There’s Elway’s adamant refusal to play for the Colts, who drafted him. There’s also the sad spectacle of watching Marino go unchosen. Some of those drafted earlier would prove their worth — as in Eric Dickerson, Jimbo Covert and Jim Kelly, who played in the USFL before finally joining the Bills — but plenty of teams would rue letting Marino slip past.
5. ‘Once Brothers’
Vlade Divac and Drazen Petrovic — a Serb and Croat, respectively — were rival NBA players. They once had been great friends, teammates on the Yugoslavian national team. But war in their homeland drove a wedge between them. Petrovic’s 1993 death in a car accident left Divac with grief and regret. Michael Tolajian’s 2010 documentary captures all of it.
6. ‘No Crossover: The Trial of Allen Iverson’
Steve James, best known for “Hoop Dreams,” lends a personal perspective to this 2010 story of how Allen Iverson’s basketball future nearly was derailed by an assault charge while he was a high school student in Hampton, Va., where both Iverson and James grew up. It’s an examination of racial perspectives, how difficult it is to shake a reputation once someone has been tagged and so much more.
7. ‘Venus Vs.’
Before “Selma,” “A Wrinkle in Time” and “How They See Us,” Ava DuVernay delivered this 2013 piece on tennis star Venus Williams that was part of ESPN’s “Nine for IX” series celebrating the 1972 enactment of Title IX equal opportunity in education legislation.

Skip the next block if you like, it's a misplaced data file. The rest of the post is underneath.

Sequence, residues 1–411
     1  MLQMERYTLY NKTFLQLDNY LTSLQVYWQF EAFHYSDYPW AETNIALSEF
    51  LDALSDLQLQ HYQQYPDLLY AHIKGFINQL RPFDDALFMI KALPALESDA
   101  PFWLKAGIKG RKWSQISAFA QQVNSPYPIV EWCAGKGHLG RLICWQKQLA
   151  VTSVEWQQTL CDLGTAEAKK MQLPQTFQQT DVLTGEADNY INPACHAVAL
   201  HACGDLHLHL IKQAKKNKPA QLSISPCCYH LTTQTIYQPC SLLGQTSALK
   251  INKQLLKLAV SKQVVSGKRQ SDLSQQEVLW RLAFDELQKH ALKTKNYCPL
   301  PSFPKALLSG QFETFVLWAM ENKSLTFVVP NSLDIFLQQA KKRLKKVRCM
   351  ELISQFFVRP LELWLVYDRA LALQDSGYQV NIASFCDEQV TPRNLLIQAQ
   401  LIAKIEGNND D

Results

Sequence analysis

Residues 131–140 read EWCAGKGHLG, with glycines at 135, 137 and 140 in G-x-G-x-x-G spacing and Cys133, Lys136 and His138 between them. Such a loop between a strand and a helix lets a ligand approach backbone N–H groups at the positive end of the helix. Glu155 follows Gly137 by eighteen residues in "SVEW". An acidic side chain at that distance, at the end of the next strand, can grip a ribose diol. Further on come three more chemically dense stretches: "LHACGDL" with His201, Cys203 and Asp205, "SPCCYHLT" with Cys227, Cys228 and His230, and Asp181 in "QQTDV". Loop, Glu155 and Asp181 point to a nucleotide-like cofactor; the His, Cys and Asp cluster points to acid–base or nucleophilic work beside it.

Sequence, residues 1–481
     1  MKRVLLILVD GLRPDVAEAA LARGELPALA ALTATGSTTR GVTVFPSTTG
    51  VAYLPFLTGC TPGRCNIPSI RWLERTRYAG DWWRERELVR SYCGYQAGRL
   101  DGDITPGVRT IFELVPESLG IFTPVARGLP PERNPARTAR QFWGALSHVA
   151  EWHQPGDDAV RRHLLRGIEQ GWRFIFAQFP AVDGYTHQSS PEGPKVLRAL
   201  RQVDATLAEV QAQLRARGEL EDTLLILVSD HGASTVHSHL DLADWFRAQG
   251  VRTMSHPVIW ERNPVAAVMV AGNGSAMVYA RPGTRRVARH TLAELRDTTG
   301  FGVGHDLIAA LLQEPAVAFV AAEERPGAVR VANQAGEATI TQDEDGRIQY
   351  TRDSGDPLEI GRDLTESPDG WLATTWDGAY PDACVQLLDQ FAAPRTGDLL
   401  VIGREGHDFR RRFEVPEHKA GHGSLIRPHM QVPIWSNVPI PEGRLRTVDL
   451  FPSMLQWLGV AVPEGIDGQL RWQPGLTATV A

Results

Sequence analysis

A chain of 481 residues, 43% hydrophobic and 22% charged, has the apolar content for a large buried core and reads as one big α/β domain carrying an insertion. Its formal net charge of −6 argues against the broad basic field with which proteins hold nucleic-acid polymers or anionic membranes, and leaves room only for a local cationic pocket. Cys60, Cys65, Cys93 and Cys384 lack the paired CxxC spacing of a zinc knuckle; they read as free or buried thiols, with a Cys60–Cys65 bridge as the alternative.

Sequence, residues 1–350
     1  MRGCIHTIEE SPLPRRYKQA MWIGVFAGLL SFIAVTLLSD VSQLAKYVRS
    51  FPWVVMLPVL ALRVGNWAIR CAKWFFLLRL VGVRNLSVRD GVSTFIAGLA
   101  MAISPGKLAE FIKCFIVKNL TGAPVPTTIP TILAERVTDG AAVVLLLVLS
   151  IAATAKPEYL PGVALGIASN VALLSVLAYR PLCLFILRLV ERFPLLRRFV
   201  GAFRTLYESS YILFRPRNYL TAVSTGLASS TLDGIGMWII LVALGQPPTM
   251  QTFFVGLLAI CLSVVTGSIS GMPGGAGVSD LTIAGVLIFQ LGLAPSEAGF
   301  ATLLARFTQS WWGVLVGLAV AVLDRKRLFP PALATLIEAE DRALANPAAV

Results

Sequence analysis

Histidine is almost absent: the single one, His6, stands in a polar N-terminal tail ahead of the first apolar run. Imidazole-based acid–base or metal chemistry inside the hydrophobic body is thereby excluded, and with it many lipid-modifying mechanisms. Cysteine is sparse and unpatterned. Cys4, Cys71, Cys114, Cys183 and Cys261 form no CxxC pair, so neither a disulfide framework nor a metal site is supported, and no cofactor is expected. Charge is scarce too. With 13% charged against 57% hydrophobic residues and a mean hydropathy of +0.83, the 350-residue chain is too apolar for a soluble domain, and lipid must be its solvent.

Like “No Crossover,” it pairs a filmmaker and athlete who grew up in the same community (Compton, Calif., in this case). “Venus Vs.” isn’t just about Williams’ play but the rise of female athletes and her role in the fight for pay equity.
8. ‘The U’
Billy Corben, who’s from Miami, recalls the 1980s and ‘90s “Miami Vice”-era rogue heyday of the University of Miami football program in this 2009 film. Rules and laws are afterthoughts. You also might enjoy Corben’s 2014 “The U Part 2” and Patrick Creadon’s 2016 “Catholics vs. Convicts,” which recalls Miami’s 1988 game against Notre Dame.
9. ‘Winning Time: Reggie Miller vs. the New York Knicks’
It’s the Pacers’ Reggie Miller versus the mid-1990s Knicks, but it’s also Miller versus Knicks superfan Spike Lee in this 2010 documentary from Dan Klores about how a player can get under the skin of a franchise and everyone close to it.
10. ‘Catching Hell’
A lot of people were upset upon hearing Alex Gibney was dredging up the story of the 2003 Cubs collapse and fan Steve Bartman.
What they didn’t know was Gibney’s finished product, largely a discussion of societal scapegoating, would be both sympathetic and exonerating when it came to the guy who no doubt once thought himself lucky to have first-row seats for a playoff game at Wrigley Field.
11. ‘Let Them Wear Towels’
12. ‘The Best That Never Was’
13. ‘Pony Excess’
14. ‘The Two Escobars’
15. ‘You Don’t Know Bo’
16. ‘Without Bias’
17. ‘Jordan Rides the Bus’
19. ‘Of Miracles and Men’
20. ‘Survive and Advance’
21. ‘Small Potatoes: Who Killed the USFL?’
22. ‘The ’99ers’
23. ‘Celtics/Lakers: Best of Enemies’
24. ‘The Price of Gold’
25. ‘Bad Boys’